Steam Distillation chamber  ancient model used to extract oil
Traditional Steam Distillation Chamber


Cold Pressing

Cold pressing is used to extract the essential oils from citrus rinds such as orange, lemon, grapefruit and bergamot. This method involves the simple pressing of the rind at about 120 degrees F to extract the oil. The rinds are separated from the fruit, are ground or chopped and are then pressed. The result is a watery mixture of essential oil and liquid which will separate given time. Little, if any, alteration from the oil's original state occurs – these citrus oils retain their bright, fresh, uplifting aromas like that of smelling a wonderfully ripe fruit. It is important to note that oils extracted using this method have a relatively short shelf life, so make or purchase only what you will be using within the next six months.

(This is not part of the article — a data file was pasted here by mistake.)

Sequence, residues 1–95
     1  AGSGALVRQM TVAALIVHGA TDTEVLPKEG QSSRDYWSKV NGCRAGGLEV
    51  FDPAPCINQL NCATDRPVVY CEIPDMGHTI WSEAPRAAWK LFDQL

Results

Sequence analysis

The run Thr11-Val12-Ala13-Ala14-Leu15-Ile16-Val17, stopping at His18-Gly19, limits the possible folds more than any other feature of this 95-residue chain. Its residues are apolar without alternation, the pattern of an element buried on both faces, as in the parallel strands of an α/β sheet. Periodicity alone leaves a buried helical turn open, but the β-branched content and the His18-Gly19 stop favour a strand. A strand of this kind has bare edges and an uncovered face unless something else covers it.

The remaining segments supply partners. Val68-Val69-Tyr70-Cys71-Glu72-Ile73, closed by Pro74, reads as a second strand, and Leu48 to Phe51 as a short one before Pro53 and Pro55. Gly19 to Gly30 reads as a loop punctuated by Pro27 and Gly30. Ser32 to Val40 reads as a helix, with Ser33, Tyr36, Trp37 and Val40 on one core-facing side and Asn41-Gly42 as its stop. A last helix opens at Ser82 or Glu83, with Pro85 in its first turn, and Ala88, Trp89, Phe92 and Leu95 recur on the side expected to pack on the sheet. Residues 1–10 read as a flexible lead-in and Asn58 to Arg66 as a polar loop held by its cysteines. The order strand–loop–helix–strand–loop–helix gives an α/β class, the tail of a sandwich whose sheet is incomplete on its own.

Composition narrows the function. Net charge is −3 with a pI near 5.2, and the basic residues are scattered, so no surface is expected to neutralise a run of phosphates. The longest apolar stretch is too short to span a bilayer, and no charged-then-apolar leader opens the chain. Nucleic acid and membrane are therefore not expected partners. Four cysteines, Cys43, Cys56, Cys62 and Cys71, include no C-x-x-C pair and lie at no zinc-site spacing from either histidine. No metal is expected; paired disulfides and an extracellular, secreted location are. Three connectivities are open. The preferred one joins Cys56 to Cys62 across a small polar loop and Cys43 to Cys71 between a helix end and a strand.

Solvent Extraction

A hydrocarbon solvent is added to the plant material to help dissolve the essential oil. When the solution is filtered and concentrated by distillation, a substance containing resin (resinoid), or a combination of wax and essential oil (known as concrete) remains. From the concentrate, pure alcohol is used to extract the oil. When the alcohol evaporates, the oil is left behind. This is not considered the best method for extraction as the solvents can leave a small amount of residue behind which could cause allergies and effect the immune system.

CO2 & Super Critical CO2 Extraction